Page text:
Muscle Flossing Can Be Used as Blood-Flow Restriction Training
Blood flow restriction training (BFR) is a method where you intentionally restrict blood flow during exercise. BFR was originally used by physical therapists as a recovery technique. Now, athletes use it as a way to increase strength gains at the gym.
In blood flow restriction training, you perform certain strength exercises while compressing certain muscle tissues (for example, by wrapping them tightly with an elastic band). When you remove the compression, blood flows directly to the area, which can improve blood circulation, increase muscle gains, and delay the onset of muscle soreness.
What Are the Benefits of Muscle Flossing?
If this is the first time you've heard of muscle flossing, you're not alone. Muscle flossing is a relatively new recovery technique, and therefore the science behind it is still being explored.
Beyond my personal (positive) experience with muscle flossing, here's what science says about the method:
Flossing Can Help Treat Achilles Tendinopathy
If you never heard of achilles tendinopathy, consider yourself lucky — because it's brutal.
In simplest terms, achilles tendinopathy is achilles tendonitis that does not respond to treatment. The main symptom of this overuse injury is pain — pain that doesn't respond to massage, rest, stretching, ice, or other treatment.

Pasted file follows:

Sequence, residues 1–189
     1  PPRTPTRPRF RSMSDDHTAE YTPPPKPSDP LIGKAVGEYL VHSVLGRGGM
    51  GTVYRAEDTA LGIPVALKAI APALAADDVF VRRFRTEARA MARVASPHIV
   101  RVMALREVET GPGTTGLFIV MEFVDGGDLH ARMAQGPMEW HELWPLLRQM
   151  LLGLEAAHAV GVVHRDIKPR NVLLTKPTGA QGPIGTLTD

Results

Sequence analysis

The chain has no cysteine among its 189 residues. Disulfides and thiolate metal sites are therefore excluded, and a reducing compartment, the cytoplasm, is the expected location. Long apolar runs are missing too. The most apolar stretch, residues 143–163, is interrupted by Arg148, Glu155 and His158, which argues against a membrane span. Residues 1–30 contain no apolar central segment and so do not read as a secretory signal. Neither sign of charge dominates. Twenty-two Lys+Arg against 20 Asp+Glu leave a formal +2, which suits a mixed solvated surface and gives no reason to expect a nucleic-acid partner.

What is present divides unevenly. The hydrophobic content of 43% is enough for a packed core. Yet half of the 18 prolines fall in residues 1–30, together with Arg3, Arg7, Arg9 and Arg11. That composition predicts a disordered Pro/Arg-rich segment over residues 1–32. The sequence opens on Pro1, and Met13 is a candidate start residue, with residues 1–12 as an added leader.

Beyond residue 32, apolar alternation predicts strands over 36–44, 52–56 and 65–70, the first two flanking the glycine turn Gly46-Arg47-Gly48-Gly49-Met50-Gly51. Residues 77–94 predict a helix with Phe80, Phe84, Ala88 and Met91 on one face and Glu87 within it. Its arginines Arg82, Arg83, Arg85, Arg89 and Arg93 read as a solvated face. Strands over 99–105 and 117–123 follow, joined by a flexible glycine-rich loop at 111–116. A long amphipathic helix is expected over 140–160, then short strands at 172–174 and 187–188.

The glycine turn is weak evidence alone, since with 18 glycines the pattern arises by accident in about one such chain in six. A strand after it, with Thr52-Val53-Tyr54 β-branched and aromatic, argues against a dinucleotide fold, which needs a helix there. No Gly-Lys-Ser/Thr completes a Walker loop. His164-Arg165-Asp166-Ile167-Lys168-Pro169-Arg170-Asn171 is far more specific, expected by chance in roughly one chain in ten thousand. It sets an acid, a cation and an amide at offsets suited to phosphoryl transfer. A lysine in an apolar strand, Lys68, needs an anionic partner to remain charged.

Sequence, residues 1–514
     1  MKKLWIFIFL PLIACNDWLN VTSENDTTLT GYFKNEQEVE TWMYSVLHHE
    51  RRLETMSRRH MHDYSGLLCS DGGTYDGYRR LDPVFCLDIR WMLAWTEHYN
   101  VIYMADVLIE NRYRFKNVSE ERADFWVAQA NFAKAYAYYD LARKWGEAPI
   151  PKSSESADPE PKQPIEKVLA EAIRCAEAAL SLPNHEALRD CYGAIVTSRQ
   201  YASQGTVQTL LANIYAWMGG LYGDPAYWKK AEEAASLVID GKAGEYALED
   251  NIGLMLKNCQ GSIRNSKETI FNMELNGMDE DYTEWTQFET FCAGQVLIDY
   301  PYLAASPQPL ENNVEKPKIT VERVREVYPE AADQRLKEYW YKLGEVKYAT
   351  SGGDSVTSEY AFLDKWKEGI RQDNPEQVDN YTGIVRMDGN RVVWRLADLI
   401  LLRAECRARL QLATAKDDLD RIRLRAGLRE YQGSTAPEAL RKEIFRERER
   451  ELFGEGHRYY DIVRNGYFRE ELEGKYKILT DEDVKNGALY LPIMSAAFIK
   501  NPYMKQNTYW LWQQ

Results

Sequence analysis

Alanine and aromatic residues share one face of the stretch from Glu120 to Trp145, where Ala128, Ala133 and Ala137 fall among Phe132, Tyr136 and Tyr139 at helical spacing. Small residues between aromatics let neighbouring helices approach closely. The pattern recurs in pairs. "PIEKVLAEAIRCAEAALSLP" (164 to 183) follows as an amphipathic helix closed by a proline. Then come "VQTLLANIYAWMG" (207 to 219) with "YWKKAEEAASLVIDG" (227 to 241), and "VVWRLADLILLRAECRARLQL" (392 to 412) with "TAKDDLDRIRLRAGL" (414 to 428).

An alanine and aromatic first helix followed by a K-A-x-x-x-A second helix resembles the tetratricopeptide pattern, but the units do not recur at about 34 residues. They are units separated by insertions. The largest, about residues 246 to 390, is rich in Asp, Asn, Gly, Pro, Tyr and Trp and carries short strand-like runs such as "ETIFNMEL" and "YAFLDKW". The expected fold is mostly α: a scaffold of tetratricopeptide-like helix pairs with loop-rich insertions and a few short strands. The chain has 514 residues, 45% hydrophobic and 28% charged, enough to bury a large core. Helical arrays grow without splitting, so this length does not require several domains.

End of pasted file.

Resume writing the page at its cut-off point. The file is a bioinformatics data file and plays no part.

In one study done by the NIH, combining muscle flossing (applied to the ankle) with a lacrosse ball massage nearly eliminated achilles pain. In addition, muscle flossing improved dorsiflexion, or the range of motion of the foot and ankle joint.
Tissue Flossing Can Help Make You More Explosive
When it comes to more explosive movements — including broad jumps, tuck jumps, and box jumps, muscle flossing can help.
In one study conducted by the NIH, ankle flossing before and after workouts helped improve single-leg jump performance for recreational athletes. Another study suggested flossing may help improve your jump and sprint performance. Both studies concluded flossing might help prevent injuries and improve your overall athletic performance.
Muscle Flossing Can Help Improve Joint Mobility
Voodoo floss bands are often praised for increasing your range of motion. Multiple studies conclude that flossing is extremely beneficial for your joints, particularly your feet and ankles (ankle plantar flexion and dorsiflexion).
Having mobile ankles and feet helps you sit into a parallel squat (or the coveted pistol squat). It can also help your heels touch the ground in a downward-facing dog, or sink into a deeper stretch in a forward lunge. If you can't do these exercises without your heels coming off the ground, you may have limited feet or ankle mobility.